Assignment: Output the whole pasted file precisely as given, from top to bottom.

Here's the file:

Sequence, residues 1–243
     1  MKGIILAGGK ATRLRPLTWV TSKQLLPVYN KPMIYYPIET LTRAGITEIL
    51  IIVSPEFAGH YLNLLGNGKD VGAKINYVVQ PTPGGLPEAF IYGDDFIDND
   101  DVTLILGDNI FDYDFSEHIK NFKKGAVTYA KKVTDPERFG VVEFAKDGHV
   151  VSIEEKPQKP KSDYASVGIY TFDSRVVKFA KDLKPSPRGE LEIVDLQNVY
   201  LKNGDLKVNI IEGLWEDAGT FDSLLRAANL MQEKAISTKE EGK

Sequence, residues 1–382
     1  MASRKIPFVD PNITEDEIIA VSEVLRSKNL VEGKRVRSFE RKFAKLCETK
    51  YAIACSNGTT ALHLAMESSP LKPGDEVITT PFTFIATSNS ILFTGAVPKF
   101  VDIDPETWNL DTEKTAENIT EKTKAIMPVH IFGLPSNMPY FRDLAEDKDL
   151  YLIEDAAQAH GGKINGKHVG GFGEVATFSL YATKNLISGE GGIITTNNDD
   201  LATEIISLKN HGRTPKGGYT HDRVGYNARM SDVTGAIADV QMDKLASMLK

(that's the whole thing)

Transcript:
Sequence, residues 1–243
     1  MKGIILAGGK ATRLRPLTWV TSKQLLPVYN KPMIYYPIET LTRAGITEIL
    51  IIVSPEFAGH YLNLLGNGKD VGAKINYVVQ PTPGGLPEAF IYGDDFIDND
   101  DVTLILGDNI FDYDFSEHIK NFKKGAVTYA KKVTDPERFG VVEFAKDGHV
   151  VSIEEKPQKP KSDYASVGIY TFDSRVVKFA KDLKPSPRGE LEIVDLQNVY
   201  LKNGDLKVNI IEGLWEDAGT FDSLLRAANL MQEKAISTKE EGK

Sequence, residues 1–382
     1  MASRKIPFVD PNITEDEIIA VSEVLRSKNL VEGKRVRSFE RKFAKLCETK
    51  YAIACSNGTT ALHLAMESSP LKPGDEVITT PFTFIATSNS ILFTGAVPKF
   101  VDIDPETWNL DTEKTAENIT EKTKAIMPVH IFGLPSNMPY FRDLAEDKDL
   151  YLIEDAAQAH GGKINGKHVG GFGEVATFSL YATKNLISGE GGIITTNNDD
   201  LATEIISLKN HGRTPKGGYT HDRVGYNARM SDVTGAIADV QMDKLASMLK